Monday, 29 August 2011

We can’t all deleverage at the same time

We can’t all deleverage at the same time. That would be equivalent to everyone moving to the same spot in a sinking ship. It would capsize immediately. To see why, imagine this nightmare scenario: everywhere and everybody – banks, firms, governments and families – think that they are overleveraged (i.e. is excessively in debt) and decide to reduce debt (deleverage) simultaneously. Regardless of whether they are right or wrong about their excessive level of debt (in a previous post we explain why this is difficult to define); the simultaneous deleveraging could start the following fatal spiral.

Banks reduced excessive leverage by not renewing their lending facilities to firms; these add misery to injury and reduce further their leverage by firing workers and trying to sell assets. Braced with lower tax revenues and higher calls for unemployment insurance, governments answer by reducing public debt through higher taxes and massive cuts in spending; which reduce the revenue streams of banks, firms and families. Families, affected by higher unemployment, loss of revenues and fearing the future, decide also to deleverage by saving more or defaulting on their loans and by massive cuts in spending. This would reduce further the revenues of banks, firms and governments. Thus, to pursue their debt reducing objectives all would initiate a new round of cuts. This would cause a downward spiral of spending cuts that would stop only after the economy was brought to a complete halt and widespread defaults.

Wait, there must exist some break point on this spiral. After all, debts are owed to someone and those receiving the debt repayments must use their surplus money. Yes, but what if, fearing that same spiral, they decide to hoard it by holding cash, exchanging it for some remote currency (e.g. the Swiss Franc) or buying some relic from the past (e.g. gold). The first, if not offset by the Central Bank, would cause a major liquidity crisis accelerating the depression. The other two may lead to absurd bubbles whose anticipated bust would hang on the heads of enterprising people. So, not much hope here.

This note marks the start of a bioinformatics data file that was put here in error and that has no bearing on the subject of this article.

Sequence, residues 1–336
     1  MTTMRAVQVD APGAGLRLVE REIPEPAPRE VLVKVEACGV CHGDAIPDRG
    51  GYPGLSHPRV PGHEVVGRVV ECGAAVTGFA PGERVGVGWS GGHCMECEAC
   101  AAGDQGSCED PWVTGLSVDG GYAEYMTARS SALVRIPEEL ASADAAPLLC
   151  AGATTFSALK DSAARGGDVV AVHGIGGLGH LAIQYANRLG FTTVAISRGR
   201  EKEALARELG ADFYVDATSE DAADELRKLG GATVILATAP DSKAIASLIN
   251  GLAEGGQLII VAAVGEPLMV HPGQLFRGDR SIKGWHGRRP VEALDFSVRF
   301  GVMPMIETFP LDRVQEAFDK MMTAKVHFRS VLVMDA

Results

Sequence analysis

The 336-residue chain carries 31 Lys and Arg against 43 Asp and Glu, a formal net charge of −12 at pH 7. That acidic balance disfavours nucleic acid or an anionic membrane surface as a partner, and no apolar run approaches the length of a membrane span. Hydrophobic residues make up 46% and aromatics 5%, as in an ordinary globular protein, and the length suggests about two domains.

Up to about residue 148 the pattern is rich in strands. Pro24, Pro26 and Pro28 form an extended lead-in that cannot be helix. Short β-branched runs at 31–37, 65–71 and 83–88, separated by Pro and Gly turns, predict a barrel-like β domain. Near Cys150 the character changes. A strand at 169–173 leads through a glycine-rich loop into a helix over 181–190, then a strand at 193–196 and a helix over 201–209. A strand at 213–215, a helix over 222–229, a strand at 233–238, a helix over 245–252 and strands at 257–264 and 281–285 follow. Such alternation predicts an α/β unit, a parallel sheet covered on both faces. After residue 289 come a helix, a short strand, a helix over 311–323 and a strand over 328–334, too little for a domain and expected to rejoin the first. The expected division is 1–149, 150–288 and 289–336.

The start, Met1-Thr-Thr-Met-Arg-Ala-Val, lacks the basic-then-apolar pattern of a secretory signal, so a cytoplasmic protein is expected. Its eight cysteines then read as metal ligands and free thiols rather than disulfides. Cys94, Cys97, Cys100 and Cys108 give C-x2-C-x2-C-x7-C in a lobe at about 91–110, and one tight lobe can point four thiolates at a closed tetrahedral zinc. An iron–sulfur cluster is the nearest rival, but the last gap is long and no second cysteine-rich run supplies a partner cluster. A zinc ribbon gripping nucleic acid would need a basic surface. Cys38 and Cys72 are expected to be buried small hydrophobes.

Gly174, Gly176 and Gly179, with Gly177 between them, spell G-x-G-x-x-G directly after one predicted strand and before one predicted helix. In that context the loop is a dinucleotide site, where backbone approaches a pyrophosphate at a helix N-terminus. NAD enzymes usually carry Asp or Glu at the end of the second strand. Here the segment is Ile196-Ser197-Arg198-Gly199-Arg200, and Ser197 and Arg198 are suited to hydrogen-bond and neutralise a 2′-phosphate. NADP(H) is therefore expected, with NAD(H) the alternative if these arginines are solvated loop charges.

What if there is somewhere an unleveraged entity willing to finance an orderly sequence of deleveraging through saving and inflation? To a large extent that was the situation at the end of World War II, when the US played that role. Can’t China and other emerging nations play that role now? Probably not, because they do not have the economic size needed to face a much bigger problem. Moreover, by accepting a rescue from a dictatorship, the Western democratic nations would risk losing their freedom.

Indeed, despite some double counting, the following table shows that the net international investment position of the Western countries is less than 3% of their GDP, largely because of the high level of savings in Japan. Yet, Japan has the largest government debt as a percentage of GDP (226%).

Unfortunately, a deleveraging spiral may start without all countries being overleveraged. A debt crisis in one sector (e.g. the Government) may easily infect the remaining or be started off by a generalized downgrade by the rating agencies. In fact, some fear that the leading Western nations (US, European Union and Japan) may be in the brink of getting into such a depression spiral started by deleveraging in the sovereign debt sector. So they desperately need to find an alternative solution.

First, they must plug once and for all the holes emerging in the weaker economies of the Euro Area. Second, they must mobilize the spending power of the few remaining sectors with borrowing capacity. Finally, and most importantly, they must acknowledge that at least one entity must be allowed to continue to increase its leverage while the others deleverage.

Here the obvious choice must be the Government (except in Japan), due to its policy powers, but mostly because it is the only one that can borrow with very long maturities.

Thus, although we live in a peacetime period, sovereign debt limits in the US and Europe can be increased to levels close to those observed at the end of wars. That is, countries with national debts around 60% of GDP could borrow close to a 100%, while those already above the 100% should be allowed to borrow up to 180% of GDP.

The process, relying on multilateral facilities, should be sequential with an agreed calendar and coordinated at the level of the G3 group of countries (not the G20, which should only have a consultative role).

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